Date
20 November 2019

Understand the injury and the support needed

Suggestion for implementing the strategy ‘Concussion: Support a return to learning and activity’

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Refresh knowledge of concussion

Refresh knowledge of concussion

Remind yourself of the implications of a concussion, so you can provide informed support.

What to ask whānau

What to ask whānau

Meet with the family or whānau and the child or young person.

Learn about the concussion and the support needed.

When did the injury take place?

What part of the head received the injury?

Have you been to the doctor or hospital? If yes, what happened and what were the recommendations?

What have you noticed about:

  • energy levels
  • sleeping patterns
  • headaches
  • mood and emotional state
  • appetite
  • vision
  • sensitivity to light, sound, busy environments?

Source: Brain 101 The concussion playbook – Key points (opens in a new tab/window)

Give assurance

Give assurance

Let both the child or young person and their family know that you understand the potential effects of concussion and that you will create a safe and supportive learning environment.

Reflection questions

Reflection questions

  • How will you be informed, so you know what to ask and look out for?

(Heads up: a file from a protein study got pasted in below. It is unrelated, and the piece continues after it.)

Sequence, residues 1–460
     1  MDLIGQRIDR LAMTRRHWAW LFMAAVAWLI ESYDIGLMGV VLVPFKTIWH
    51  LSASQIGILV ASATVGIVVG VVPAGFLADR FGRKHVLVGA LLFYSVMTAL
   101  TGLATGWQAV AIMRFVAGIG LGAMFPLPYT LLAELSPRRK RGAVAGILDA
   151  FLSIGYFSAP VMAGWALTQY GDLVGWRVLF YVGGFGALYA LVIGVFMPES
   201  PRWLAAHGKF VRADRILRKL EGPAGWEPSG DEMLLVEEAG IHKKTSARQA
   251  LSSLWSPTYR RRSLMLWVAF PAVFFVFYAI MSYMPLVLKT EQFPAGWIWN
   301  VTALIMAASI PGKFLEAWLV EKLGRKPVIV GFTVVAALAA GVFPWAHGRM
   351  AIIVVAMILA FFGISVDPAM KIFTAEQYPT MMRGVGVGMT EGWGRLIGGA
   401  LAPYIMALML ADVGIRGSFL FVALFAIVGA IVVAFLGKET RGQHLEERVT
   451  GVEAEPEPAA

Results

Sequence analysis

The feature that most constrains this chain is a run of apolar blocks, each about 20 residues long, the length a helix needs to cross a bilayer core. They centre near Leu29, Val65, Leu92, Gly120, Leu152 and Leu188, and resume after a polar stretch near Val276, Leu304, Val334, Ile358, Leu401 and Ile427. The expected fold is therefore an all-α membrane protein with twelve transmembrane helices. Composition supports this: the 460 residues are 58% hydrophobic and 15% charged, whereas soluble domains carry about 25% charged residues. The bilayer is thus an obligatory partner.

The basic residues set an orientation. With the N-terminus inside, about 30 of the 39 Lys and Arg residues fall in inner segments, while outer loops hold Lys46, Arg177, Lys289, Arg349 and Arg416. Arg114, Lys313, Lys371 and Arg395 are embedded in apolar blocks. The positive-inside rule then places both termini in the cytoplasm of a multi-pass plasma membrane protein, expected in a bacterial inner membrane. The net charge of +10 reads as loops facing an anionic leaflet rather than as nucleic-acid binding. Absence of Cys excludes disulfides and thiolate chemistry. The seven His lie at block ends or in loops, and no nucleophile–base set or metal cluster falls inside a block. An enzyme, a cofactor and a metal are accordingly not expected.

• How will you demonstrate empathy? A child or young person may look fine, but a concussion is an unseen, hidden injury.
  • How will you be a good listener? Every concussion and every child's experience is unique.
  • How can you enable whānau to guide and oversee support?

Useful resources

Useful resources

Website

Concussion – A series of educational videos

Publisher: Headway: Brain Injury Auckland

Visit website

File

Brain injury: A guide for parents

Read time: 17 min

Publisher: Headway: Brain Injury Auckland

Download PDF (477 KB)

Next steps

More suggestions for implementing the strategy “Concussion: Support a return to learning and activity”:

Return to the guide “Supporting learners with acquired brain injury”

Guide to Index of the guide: Acquired brain injury and learning

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